Women of valour: character exposition of some Zulu royal women
Historians, in typical chauvinistic tendencies, chronicled events in a manner that relegated women to the background and confined their role to that of homes and the care of children. On the contrary, South East-Africa in general and Zulu monarchy in particular, are replete with many examples of female dynasties, regents and rulers who took up positions of leadership through periods of nation-building and wars of resistance. Zulu culture is fraught with a plethora of women, the most important of whom included queen Nandi, the mother of Emperor Shaka and queen Monase who contributed in shaping the Zulu monarchy behind the scenes in the late 18th and early 19th centuries. They were unequivocally the heroines of the Zulu monarchy. The very mention of the word ‘heroines’ conjures up images of larger-than-life personalities, hearty souls who never backed down from danger. For this paper one has researched and found as much information as possible from resource material and interviews about these Zulu royal women. In researching the subject one could not find many written historical sources that give a detailed account of their influence except for brief references and descriptions. It was only through the keyhole of oral history or indigenous knowledge that one could comprehend the nature and extent of their thinking, character traits and contributions.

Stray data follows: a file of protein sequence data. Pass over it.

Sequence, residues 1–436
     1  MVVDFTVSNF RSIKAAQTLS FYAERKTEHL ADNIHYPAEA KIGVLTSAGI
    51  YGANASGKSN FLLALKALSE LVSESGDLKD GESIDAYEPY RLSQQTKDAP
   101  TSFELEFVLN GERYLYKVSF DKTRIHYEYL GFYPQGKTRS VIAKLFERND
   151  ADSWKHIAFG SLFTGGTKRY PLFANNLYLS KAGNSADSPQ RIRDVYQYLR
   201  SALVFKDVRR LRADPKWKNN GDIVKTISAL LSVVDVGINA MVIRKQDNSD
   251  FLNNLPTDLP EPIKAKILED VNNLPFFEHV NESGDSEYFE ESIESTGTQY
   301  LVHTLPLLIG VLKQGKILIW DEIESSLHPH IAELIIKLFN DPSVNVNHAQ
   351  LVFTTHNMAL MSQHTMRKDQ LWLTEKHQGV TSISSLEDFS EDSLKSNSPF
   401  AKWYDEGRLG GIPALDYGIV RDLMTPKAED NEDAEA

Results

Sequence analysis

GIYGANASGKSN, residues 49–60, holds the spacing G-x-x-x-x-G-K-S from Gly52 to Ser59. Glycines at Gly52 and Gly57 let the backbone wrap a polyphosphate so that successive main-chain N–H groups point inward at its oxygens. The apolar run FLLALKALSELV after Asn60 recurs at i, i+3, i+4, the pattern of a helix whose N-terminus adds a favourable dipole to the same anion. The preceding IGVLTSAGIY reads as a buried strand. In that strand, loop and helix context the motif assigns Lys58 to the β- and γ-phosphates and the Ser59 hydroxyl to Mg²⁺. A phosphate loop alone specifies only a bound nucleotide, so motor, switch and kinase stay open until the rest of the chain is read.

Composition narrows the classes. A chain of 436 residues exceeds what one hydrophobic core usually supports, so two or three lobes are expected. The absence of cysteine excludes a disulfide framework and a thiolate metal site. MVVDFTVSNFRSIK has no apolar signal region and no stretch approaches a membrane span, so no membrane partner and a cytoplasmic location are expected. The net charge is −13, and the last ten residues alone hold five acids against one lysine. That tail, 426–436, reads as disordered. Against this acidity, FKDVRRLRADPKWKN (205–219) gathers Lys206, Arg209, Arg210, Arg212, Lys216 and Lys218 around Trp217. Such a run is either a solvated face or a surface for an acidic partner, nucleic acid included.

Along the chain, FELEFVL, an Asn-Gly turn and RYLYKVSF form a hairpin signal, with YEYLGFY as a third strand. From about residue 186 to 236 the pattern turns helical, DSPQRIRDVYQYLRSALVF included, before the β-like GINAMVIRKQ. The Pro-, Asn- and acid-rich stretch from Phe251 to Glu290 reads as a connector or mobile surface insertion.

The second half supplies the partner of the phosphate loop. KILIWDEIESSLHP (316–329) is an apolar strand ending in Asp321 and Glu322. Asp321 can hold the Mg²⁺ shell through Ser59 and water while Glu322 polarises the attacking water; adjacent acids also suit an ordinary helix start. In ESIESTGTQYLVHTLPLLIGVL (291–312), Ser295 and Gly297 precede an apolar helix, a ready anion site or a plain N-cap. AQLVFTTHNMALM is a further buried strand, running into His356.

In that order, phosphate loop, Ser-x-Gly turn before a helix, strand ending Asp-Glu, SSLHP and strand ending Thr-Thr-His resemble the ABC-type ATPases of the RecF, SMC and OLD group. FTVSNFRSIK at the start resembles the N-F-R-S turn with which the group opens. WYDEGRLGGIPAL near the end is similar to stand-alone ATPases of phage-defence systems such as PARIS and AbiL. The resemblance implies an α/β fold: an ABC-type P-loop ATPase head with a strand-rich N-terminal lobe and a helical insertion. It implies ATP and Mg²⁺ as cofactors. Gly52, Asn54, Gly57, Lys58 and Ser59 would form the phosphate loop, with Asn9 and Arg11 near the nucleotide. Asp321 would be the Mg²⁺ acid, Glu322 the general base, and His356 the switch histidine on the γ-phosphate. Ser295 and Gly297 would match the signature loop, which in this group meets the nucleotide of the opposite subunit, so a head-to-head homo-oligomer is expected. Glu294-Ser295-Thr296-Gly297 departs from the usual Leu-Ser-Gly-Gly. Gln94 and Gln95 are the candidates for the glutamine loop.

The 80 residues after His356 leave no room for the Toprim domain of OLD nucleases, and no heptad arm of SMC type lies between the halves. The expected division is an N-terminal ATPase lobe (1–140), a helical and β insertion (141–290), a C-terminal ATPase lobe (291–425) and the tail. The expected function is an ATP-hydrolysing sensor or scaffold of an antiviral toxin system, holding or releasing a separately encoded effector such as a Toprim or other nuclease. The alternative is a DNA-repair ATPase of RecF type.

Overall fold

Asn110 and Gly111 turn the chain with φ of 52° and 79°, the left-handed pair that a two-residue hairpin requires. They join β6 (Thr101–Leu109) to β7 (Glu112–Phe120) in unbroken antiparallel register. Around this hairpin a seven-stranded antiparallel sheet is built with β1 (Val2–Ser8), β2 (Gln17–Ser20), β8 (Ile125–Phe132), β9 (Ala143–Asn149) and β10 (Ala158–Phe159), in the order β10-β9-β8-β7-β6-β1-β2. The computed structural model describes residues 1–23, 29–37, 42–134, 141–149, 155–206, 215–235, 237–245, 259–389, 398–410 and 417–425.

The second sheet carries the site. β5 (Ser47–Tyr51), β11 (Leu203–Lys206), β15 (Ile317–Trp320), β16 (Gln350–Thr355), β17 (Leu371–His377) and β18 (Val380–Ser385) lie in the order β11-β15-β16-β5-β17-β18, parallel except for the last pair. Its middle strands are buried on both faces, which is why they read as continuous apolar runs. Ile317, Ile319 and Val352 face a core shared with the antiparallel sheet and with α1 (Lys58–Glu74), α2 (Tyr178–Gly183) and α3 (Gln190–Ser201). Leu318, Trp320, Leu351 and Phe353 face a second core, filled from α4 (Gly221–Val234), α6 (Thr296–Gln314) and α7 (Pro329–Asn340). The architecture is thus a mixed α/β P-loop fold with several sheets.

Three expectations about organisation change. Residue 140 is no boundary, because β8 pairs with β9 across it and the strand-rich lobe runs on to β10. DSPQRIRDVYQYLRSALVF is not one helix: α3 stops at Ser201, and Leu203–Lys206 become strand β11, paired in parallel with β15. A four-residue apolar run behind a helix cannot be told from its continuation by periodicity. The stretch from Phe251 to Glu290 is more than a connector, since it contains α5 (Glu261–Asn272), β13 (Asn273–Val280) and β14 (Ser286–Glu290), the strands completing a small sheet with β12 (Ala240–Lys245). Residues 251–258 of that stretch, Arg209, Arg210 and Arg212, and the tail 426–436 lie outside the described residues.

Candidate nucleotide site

Keywords: Oral history, Royal women, Zulu monarchy, Queen Nandi, Queen Monase